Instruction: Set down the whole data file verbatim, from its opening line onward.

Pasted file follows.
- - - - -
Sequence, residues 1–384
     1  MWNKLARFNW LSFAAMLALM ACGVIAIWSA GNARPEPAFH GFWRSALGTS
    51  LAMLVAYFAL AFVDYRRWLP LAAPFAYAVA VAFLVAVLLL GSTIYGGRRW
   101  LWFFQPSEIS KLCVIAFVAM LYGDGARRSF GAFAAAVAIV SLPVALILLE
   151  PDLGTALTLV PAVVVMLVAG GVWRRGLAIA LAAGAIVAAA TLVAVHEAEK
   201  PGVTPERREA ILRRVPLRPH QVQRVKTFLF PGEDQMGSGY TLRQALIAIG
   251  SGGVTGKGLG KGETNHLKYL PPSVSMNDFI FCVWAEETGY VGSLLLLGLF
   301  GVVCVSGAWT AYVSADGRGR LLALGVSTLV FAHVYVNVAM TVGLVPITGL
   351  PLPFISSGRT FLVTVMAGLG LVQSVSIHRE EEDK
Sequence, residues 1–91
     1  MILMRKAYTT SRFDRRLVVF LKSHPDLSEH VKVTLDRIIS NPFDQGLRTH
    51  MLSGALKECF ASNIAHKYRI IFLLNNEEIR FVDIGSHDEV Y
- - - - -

Sequence, residues 1–384
     1  MWNKLARFNW LSFAAMLALM ACGVIAIWSA GNARPEPAFH GFWRSALGTS
    51  LAMLVAYFAL AFVDYRRWLP LAAPFAYAVA VAFLVAVLLL GSTIYGGRRW
   101  LWFFQPSEIS KLCVIAFVAM LYGDGARRSF GAFAAAVAIV SLPVALILLE
   151  PDLGTALTLV PAVVVMLVAG GVWRRGLAIA LAAGAIVAAA TLVAVHEAEK
   201  PGVTPERREA ILRRVPLRPH QVQRVKTFLF PGEDQMGSGY TLRQALIAIG
   251  SGGVTGKGLG KGETNHLKYL PPSVSMNDFI FCVWAEETGY VGSLLLLGLF
   301  GVVCVSGAWT AYVSADGRGR LLALGVSTLV FAHVYVNVAM TVGLVPITGL
   351  PLPFISSGRT FLVTVMAGLG LVQSVSIHRE EEDK
Sequence, residues 1–91
     1  MILMRKAYTT SRFDRRLVVF LKSHPDLSEH VKVTLDRIIS NPFDQGLRTH
    51  MLSGALKECF ASNIAHKYRI IFLLNNEEIR FVDIGSHDEV Y